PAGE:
June 19, 2013
June 12, 2013
Stephanie Hanes: Little girls or little women? The Disney princess effect
Fred Weir: In tweak to US, Russia would 'consider' asylum for Snowden
June 10, 2013
The Kosher Gourmet by Anjali Prasertong: A tart filling so good it might not make it to the crust
June 5, 2013
John Rosemond: Mom, Dad: Talk More and listen less
Egypt court sentences 43 pro-democracy workers to prison
June 3, 2013
Molly Hennessy-Fiske: Military judge to consider letting Fort Hood shooting defendant represent himself
May 29, 2013
Andrew Connelly and Helene Bienvenu: The Little Synagogue that Refused to Die
May 24, 2013
Rabbi Tzvi Hersh Weinreb: When I didn't so 'humbly disagree'
May 22, 2013
They launched the 'Arab Spring' but now yearn for the good old days of a strongman
May 20, 2013
Richard A. Serrano: Is Meir Kahane's assassin now a changed man?
Genetic copies of living people from embryos no longer science fiction
Jewz in the Newz by Nate Bloom :
The Kosher Gourmet by Cathy Pollak:
Jews Inducted into Rock Hall of Fame; Anton Yelchin co-stars in New "Trek" film; Kutcher (but not Kunis) visits Israel; Jewish TV Star Praises Jewish Rap Star
WARNING: This WALNUT CAKE WITH PRALINE FROSTING, perfect for afternoon coffee, is addicting
Jewish World Review
June 3, 2009
/ 11 Sivan 5769
What's keeping Obama up?
Dick Morris & Eileen Mc Gann
The Rasmussen poll conducted over the weekend of May 30-31 asked a key question designed to give us perspective on Obama's current popularity. The question was whether the current problems "are due to the recession that began under the Bush administration or to the policies Obama has put in place since taking office." In other words, who's to blame, Bush or Obama?
By 62-27, voters say Bush is still the culprit.
As long as this opinion remains prevalent, Obama will continue to enjoy high popularity. But when it changes, as it inevitably must, we will see him begin a long, long fall.
And this is the key measurement to watch.
The real recession dating from the stock market collapse began four months before Bush left office. And it is now four months since Obama was inaugurated. From this vantage, it still looks to voters like Bush's recession.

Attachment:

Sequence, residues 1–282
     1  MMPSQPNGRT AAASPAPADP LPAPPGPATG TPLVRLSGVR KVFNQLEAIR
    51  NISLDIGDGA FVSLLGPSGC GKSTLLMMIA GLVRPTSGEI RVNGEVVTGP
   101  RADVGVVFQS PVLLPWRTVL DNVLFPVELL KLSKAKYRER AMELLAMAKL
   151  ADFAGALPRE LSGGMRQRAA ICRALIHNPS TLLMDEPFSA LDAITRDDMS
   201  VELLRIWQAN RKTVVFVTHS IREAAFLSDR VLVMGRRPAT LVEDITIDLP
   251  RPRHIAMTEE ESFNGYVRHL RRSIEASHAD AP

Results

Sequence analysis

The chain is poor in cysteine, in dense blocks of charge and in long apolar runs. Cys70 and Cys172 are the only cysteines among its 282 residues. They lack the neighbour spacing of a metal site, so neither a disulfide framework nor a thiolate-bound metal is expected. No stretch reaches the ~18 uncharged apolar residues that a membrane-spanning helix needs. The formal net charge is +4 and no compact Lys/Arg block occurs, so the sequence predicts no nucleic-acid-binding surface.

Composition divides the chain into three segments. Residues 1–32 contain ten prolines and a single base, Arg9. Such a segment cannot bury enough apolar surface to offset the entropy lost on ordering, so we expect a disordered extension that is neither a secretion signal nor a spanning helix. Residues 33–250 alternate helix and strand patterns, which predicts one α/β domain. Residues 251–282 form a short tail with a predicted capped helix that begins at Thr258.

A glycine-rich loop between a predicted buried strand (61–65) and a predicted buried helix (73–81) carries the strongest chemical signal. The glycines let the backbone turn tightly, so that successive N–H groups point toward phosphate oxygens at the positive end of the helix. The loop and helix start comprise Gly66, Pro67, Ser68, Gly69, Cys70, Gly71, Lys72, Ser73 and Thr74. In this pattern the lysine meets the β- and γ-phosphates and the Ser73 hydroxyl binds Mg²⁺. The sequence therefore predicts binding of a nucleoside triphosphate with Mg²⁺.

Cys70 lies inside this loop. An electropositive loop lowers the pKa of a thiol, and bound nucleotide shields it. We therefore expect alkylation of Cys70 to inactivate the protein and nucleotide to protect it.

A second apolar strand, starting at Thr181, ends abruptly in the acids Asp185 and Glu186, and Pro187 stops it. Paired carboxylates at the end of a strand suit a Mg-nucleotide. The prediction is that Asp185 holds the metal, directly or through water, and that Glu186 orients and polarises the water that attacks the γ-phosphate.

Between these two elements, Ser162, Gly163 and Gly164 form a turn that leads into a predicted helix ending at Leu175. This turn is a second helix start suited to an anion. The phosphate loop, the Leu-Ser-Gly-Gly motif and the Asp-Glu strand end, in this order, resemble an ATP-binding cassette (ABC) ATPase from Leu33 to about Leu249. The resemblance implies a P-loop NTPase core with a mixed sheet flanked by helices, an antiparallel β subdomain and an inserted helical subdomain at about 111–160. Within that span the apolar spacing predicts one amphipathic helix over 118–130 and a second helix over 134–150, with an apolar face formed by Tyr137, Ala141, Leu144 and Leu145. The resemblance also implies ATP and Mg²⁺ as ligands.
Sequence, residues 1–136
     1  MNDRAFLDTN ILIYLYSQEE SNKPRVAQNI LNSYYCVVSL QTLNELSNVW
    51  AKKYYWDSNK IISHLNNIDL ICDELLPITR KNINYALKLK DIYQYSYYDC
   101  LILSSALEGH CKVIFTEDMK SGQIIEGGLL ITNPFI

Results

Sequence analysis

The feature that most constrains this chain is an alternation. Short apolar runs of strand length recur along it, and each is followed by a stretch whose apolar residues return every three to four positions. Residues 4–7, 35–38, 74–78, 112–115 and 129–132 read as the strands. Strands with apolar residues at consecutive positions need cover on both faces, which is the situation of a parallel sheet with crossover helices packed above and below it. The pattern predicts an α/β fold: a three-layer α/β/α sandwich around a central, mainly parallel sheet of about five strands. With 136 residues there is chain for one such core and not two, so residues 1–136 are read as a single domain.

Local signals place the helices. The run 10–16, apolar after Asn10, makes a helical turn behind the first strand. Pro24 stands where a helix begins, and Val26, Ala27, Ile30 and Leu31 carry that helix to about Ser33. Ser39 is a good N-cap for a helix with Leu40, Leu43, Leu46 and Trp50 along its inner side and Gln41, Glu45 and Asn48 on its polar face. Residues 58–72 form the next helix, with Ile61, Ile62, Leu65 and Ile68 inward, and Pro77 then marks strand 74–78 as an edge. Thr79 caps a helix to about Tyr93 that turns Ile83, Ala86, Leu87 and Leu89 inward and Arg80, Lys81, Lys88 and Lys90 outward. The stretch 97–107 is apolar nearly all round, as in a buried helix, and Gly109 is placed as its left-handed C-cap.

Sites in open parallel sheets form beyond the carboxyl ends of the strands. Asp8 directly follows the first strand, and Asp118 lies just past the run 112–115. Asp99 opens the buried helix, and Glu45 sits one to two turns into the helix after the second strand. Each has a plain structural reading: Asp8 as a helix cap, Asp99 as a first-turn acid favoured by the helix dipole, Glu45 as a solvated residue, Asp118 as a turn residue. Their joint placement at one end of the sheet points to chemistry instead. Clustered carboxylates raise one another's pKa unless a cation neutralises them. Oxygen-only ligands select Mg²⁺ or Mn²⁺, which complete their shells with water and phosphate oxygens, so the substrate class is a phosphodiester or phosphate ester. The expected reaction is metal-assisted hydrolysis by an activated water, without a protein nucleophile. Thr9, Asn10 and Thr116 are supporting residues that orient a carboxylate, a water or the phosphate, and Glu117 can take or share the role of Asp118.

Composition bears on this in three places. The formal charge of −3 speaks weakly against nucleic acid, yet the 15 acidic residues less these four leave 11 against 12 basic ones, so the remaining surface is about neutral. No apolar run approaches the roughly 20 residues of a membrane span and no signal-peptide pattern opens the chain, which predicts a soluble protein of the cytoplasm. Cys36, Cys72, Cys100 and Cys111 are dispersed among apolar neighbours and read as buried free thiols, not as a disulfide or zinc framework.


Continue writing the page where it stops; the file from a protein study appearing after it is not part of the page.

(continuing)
But it will become increasingly obvious that the large deficit Obama has incurred while pursuing his cure for the recession is, on its own, causing more problems than it solves. As high interest rates and, most likely, inflation, begin to set in with no relief in unemployment it will be obvious that Obamanomics isn't working and is, in fact, aggravating the economic trouble.
Obama, recognizing the danger, has recently begun to speak out without even cracking a guilty smile against the huge budget deficit he created. He is trying to blame the deficit, too, on Bush. But voters will not overlook the huge spending sprees of January and February, when Obama quadrupled the 2009 deficit. They will come to see that spending as a huge mistake and will shift their blame to the new president who proposed it.
Obama now faces a choice of poisons.
He can leave taxes as they are and take the poison of high interest rates, rapid inflation and a new recession, all caused by the massive borrowing he has forced on the Treasury. If the Treasury cannot sell enough bonds at a reasonable interest rate, it will, of course "monetize the deficit" economics-speak for printing money so that there will be enough to buy the Treasury debt at moderate interest rates. But the process of so vastly expanding the money supply (or even just leaving the current expansion in place without trying to soak up the extra money) will cause its own runaway inflation.
Or Obama can break his pledge and raise taxes on everybody. His soak-the-rich approach will not be enough to cover the deficit. Especially when one factors in his healthcare proposals, big tax increases on the middle class become an increasing likelihood. And when we consider his cap-and-trade legislation, huge increases in utility rates also loom.
Either poison will make it clear that the economy is suffering from the medicine Obama administered, rather than the original disease that started under Bush.
And, of course, while we cannot predict precisely the start date of the Obama-generated misery, it's pretty clear that it will be a long-lasting pain. Neither inflation nor the pain of higher taxes is going to go away soon. And either approach will probably kindle a new recession.
Some economists think we will have an L-shaped recession from which we do not emerge for years and years. Others think it will be a W-shaped recession (not Bush's W) in which we emerge briefly and then go back down again. But a U-shaped recession, in which we go down and then come bouncing back, probably cannot happen with Obama's deficits now firmly in place. Then it will become clear that the cure was worse than the disease.
Every weekday JewishWorldReview.com publishes what many in the media and Washington consider "must-reading". Sign up for the daily JWR update. It's free. Just click here.
JWR contributor Dick Morris is author, most recently, of "Fleeced: How Barack Obama and Hillary Clinton, Media Mockery of Terrorist Threats, Liberals Who Want to Kill Talk Radio, the Do-Nothing Congress, Companies ... Are Scamming Us ... and What to Do About It". (Click HERE to purchase. Sales help fund JWR.) Comment by clicking here.
Dick Morris Archives
© 2009, Dick Morris
Richard Z. Chesnoff
Frank J. Gaffney
Victor Davis Hanson
A. Barton Hinkle
Judge A. Napolitano
Cokie & Steve Roberts
Debra J. Saunders
J. D. Crowe
David Ray Skinner
Ask Doctor K